Global logistics group DHL, with plans to invest USD 100 million in coming years, is working with its customers to prepare for the Goods and Services Tax (GST) being implemented next month. Well ahead of the curve, DHL is planning to invest over USD 100 million in its supply chain operations in India in the next 3 to 4 years to meet the expected increasing demand following the GST implementation.
“We are working together on how to create new solutions for the Indian market especially focusing on GST for likely immediate challenges,” said Scott Allison, President of Life Sciences & Healthcare sector, DHL Customer Solutions and Innovation.
“Ahead of the GST implementation, we want to help our customers to be as prepared as they possibly can be for the GST,” he said at an interview during the 17th DHL Global Life Sciences and Healthcare Conference held in Singapore from 20- 22 June. “We would like to see the customers take advantage of what the new legislations offers and we want to be there as a partner to help customers throughout that (GST) transition period,” said Allison.
“To help our customers prepare for the GST implementation, we had started this engagement more than a year ago. There have been discussions with each of our customers because each of them have different setup requirements,” elaborated Leonora Lim, Vice President of Life Sciences & Healthcare, Asia Pacific, DHL Customer Solutions and Innovation.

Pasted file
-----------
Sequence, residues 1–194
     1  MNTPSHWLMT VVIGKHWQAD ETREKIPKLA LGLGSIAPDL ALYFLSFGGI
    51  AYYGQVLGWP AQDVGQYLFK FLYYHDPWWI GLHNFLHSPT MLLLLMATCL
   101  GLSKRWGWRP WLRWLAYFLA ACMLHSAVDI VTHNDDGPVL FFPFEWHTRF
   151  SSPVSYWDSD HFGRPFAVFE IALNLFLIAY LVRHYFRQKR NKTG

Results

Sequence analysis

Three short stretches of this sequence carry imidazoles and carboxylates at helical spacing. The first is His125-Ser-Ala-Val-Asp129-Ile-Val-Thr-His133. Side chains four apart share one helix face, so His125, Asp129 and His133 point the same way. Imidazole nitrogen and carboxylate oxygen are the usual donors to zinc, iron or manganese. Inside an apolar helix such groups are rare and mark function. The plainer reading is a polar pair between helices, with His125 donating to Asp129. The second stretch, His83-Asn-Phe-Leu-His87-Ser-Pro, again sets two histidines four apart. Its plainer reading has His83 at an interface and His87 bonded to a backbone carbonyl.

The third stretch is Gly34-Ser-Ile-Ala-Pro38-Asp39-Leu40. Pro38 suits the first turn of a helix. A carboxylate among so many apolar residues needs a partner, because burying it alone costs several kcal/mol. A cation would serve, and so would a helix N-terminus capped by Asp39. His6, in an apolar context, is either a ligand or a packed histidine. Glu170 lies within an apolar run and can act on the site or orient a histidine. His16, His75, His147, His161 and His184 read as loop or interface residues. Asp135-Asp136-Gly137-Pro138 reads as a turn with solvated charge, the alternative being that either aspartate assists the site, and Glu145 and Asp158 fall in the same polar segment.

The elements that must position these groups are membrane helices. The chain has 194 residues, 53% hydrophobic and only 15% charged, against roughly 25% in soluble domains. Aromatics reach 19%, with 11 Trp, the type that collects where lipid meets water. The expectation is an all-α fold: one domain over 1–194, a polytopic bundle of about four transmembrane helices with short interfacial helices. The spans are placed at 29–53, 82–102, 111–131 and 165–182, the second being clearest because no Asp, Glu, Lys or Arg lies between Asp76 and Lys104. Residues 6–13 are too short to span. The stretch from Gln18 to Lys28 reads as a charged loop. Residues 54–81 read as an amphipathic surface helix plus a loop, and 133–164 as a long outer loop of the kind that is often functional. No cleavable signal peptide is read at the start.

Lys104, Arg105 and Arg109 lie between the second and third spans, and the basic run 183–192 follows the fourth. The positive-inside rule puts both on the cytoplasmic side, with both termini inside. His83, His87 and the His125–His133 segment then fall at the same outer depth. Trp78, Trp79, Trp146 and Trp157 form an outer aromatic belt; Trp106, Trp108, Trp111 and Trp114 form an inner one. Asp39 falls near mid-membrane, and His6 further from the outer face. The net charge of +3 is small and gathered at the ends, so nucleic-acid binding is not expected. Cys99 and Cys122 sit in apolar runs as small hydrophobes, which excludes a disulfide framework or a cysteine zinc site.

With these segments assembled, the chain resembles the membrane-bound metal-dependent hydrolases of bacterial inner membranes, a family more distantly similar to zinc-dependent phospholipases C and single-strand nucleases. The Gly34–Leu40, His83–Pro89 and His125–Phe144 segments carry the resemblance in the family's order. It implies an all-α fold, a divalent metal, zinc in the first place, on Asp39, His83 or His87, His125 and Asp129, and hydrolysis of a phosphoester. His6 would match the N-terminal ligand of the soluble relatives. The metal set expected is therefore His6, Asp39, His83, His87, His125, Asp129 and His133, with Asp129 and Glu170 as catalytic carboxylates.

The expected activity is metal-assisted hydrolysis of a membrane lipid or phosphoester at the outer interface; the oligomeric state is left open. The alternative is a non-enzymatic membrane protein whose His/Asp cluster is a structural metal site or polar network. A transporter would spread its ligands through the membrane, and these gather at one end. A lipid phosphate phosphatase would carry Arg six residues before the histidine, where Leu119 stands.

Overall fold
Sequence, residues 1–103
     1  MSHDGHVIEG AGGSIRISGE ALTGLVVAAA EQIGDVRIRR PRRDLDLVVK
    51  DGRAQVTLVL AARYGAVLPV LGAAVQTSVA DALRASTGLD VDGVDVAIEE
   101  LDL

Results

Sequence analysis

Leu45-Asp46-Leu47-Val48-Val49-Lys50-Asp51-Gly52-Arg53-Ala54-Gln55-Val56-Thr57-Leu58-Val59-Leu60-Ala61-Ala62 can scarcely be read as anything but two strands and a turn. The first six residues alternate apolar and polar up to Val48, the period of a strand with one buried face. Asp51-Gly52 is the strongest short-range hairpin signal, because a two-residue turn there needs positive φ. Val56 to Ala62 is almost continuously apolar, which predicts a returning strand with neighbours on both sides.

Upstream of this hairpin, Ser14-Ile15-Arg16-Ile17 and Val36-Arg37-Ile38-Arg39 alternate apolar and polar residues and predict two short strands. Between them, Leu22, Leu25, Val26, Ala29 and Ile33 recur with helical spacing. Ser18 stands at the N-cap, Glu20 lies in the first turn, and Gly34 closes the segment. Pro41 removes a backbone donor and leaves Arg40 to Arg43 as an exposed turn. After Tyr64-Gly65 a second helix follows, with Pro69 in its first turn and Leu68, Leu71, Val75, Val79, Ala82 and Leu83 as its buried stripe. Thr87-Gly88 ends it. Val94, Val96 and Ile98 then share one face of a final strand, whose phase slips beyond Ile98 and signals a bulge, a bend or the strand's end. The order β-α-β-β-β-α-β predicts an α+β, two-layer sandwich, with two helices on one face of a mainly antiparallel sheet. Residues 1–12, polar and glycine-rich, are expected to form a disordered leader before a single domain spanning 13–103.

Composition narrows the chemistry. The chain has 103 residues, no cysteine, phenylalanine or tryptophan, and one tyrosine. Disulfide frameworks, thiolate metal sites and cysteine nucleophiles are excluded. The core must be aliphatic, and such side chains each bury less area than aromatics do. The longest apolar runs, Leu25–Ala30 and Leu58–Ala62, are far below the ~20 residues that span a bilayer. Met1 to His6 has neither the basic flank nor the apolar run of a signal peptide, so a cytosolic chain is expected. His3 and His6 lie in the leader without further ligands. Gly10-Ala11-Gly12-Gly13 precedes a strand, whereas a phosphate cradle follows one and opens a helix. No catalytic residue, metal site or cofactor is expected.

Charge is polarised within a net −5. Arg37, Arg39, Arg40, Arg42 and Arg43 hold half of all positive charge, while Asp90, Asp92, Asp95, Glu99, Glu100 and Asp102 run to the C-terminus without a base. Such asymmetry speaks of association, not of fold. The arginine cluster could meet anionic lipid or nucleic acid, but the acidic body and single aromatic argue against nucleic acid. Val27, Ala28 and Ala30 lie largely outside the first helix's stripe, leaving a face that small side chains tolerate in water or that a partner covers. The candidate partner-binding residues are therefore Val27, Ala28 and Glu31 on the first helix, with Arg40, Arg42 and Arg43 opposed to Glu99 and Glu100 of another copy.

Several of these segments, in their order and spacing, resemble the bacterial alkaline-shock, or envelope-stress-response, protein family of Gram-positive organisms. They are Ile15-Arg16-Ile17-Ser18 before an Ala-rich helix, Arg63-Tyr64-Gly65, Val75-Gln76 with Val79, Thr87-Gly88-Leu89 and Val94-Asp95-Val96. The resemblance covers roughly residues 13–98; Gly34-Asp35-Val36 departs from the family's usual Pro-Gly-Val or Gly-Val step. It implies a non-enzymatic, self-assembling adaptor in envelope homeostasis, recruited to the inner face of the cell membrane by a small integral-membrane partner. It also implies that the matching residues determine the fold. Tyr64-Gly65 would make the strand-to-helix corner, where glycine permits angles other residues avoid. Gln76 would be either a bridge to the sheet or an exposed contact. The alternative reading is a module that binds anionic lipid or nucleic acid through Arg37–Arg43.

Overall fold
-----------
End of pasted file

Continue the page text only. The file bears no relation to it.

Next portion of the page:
“We just want to make sure we understand where our customers are with regard to GST and where they want to be,” Lim said. This would help bridge any gap in operations during the transition period and as GST regulations become clearer and clearer, she added.
Elaborating on the USD 100 million supply chain investment, Allison said, “A lot of what we are trying to do is related to GST”. “We believe that GST is going to drive customers to assess the supply chain setups in India. With the GST in place, they can set up supply chains more professionally and efficiently. We are focused on our customers’ requirements,” he added.
Besides leveraging existing infrastructure, DHL aims to setup national distribution centres in major metros such as Mumbai with strategic locations across India for managing supply chain. “That is the thrust of this supply chain investment,” he stressed.
India is already a big player in the healthcare and pharma markets. A significant portion of generic-type producers are coming out of the Indian market, he noted. Indian generic companies are probably going to have an advantage in competitively producing from India as western companies are under cost pressure, Allison pointed out. “The Indian market is going to grow,” he underlined.